And thus is how I shall characterize the odyssey that was my weekend. I had committed myself this past weekend to preparing for NEXT weekend - a five day astrophotography trip to Northern Arizona and 7000 feet of elevation under skies so dark that they can only be described as "ridonkulous" - but I digress. Since making the jump from DSLR to OSC CCD back in April it's been nothing but a constant war bending the imaging system to my will. And if I'm being honest it's been a war that I'm clearly losing. Thursday night's backyard session ended again in frustration fighting tilt in the imaging train that left the Hyperstar looking like the leaning tower of Pisa. I resolved to do something that is expressly forbidden to my typically male genetic code. I decided I would ask for help. I spoke with Scott at Starizona on Friday and decided to make the 140 mile drive down to Tucson for their public viewing session on Friday night where I could get a little assistance in figuring out what was going on with my whole rig. So I packed up the essential pieces of the rig and made the southern trek with my amazing 14 year old daughter and co-pilot who insisted on making the trip with me. We arrived about an hour before sunset and spoke with Dean about the whole situation and the chronology of events. "Sounds like it could be the telescope itself. Why don't you bring it in and let me take a look at it" he said. My daughter carried the OTA into the shop while I dug out the CCD camera and Hyperstar as well. When I got back into Starizona, Dean had mounted the C11 Edge HD onto a nearby AP900 mount to begin his assessment. "That's it!! The OTA just needs a little 'spa' time!" I thought to myself. This is predicated of course on the idea that just hanging out on an AP900 has to be the telescope equivalent of a nice massage at the local day spa. It looked so glorious up there that I was stupified for a few moments. Soon however, I came to my senses and went back outside to grab my cell phone and snap a picture of such a handsome scene - my scope kickin' it on the Astro-Physics mount. Before I could get back outside Dean pointed out the overall collimation of the scope itself. The entire corrector plate/secondary assembly on the Edge HD had slipped down and to the right very significantly. This, he believed, was the source of all my troubles. He told me he'd have it fixed really quickly and set out to do just that. I went to the truck to get my cell phone and it's camera for the previously mentioned photo opportunity. By the time I returned to the shop, the scene can only be described as one of instant horror. It was like one of those sci-fi movies where the teenagers take a vacation to a posh tropical island only to wakeup on the beach and find that someone has stolen a kidney from them.
My corrector plate was gone!!! I found it on the other end of the room where Dean had begun his work on it. The shock of finding that Dean had already disassembled the scope was so great that I did forget to snap a better photo of my beautiful scope on the AP mount. Dean took apart the secondary assembly itself and replaced a plastic gasket with one that he'd specifically developed at Starizona that resolves the particular issue that I was having.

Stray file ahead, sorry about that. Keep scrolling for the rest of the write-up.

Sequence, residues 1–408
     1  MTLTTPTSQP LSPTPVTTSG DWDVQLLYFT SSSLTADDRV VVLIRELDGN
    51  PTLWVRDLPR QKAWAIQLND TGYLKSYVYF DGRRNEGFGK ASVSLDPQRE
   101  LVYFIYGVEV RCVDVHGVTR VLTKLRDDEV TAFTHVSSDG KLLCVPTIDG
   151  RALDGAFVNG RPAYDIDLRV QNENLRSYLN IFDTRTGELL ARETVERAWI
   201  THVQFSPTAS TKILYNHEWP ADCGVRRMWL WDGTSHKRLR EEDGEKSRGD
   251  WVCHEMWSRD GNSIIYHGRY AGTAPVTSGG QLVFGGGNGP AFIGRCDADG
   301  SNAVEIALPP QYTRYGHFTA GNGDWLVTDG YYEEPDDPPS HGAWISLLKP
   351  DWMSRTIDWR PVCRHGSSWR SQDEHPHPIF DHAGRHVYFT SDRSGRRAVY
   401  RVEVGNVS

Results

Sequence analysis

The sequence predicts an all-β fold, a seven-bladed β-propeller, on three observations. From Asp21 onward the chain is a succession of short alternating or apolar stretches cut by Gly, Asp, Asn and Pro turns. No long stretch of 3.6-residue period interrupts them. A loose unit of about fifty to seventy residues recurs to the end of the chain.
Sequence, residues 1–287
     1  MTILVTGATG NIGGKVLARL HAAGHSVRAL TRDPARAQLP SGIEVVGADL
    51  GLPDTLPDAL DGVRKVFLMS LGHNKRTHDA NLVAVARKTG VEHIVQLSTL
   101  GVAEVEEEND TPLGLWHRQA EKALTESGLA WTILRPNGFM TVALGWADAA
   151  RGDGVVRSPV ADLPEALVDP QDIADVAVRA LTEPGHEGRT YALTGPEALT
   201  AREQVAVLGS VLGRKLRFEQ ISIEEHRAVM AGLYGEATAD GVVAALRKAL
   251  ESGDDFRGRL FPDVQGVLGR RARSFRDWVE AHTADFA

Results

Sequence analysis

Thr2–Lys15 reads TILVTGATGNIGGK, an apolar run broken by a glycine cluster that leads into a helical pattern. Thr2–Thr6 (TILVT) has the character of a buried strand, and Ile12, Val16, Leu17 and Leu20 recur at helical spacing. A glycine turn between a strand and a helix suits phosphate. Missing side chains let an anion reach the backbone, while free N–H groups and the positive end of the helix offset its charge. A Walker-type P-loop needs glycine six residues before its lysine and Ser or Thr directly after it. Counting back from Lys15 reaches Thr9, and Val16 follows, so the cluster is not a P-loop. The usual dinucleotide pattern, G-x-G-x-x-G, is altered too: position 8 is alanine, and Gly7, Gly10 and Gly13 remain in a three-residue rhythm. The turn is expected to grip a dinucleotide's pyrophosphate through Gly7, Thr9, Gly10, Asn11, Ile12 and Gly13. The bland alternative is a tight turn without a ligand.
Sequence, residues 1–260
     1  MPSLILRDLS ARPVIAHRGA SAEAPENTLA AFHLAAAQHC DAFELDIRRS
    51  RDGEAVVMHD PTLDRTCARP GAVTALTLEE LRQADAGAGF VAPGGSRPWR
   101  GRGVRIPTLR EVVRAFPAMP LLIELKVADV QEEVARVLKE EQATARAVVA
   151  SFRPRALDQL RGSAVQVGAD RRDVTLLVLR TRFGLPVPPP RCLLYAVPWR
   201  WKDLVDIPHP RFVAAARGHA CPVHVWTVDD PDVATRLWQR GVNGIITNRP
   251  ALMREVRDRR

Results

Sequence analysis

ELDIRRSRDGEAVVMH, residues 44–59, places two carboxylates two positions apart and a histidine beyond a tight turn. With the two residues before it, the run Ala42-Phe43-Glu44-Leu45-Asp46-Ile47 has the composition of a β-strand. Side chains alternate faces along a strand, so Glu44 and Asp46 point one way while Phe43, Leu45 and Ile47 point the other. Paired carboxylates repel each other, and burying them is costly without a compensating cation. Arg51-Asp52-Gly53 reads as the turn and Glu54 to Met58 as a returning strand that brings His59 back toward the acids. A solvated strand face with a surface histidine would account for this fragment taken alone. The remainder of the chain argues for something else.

After spending a good hour on the scope working at the secondary assembly and putting everything back together he declared it to have a clean bill of health and I setup in the parking lot to line out the remainder of my collimation/tilt/alignment issues. I was again optimistic about the trip the next weekend. Almost 4 hours of imaging and tweaking and poking and prodding the Hyperstar and CCD camera frustration had again set in. Dean was perplexed as well and asked me to leave the entire rig with him so that he could look more closely at the camera the next day.
To make a long story short, by eliminating the tilt/tip ring and using a spacer that is about 4mm shorter than is typically called for with the QHY camera bodies, everything snapped suddenly very close into place. Some minor adjustments to the collimation of the Hyperstar and suddenly - things were very, very close to perfect. Having spent almost 8 hours in the Starizona parking lot trying to resolve the issue I snapped a quick set of images just to prove to myself that the CCD camera was indeed useable.
As such, here is what I can now call the proper first light from the camera, and I have the crew at Starizona to thank for their patience and persistence in helping me to get this resolved. As is typical with any trip to Starizona, I didn't get out of there unscathed. I picked up a Hyperstar compatible dew shield and lens cap for the scope. Money has a way of getting spent when I'm in that place.
So here it is - M13, a stack of 10 exposures at 30 seconds each, unguided from the heavily, heavily light polluted parking lot of Starizona on Saturday night. The collimation is still just a touch out in the bottom left corner - but it's far, far better than it was before. I'll tweak the collimation a final time this Thursday and hopefully I'll return from the cool pines of Northern Arizona with an enormous amount of data to process. Not a cloud in the forecast with daytime temps around 85ºF (30ºC) and night time temps around 50ºF (10ºC) for all 5 days.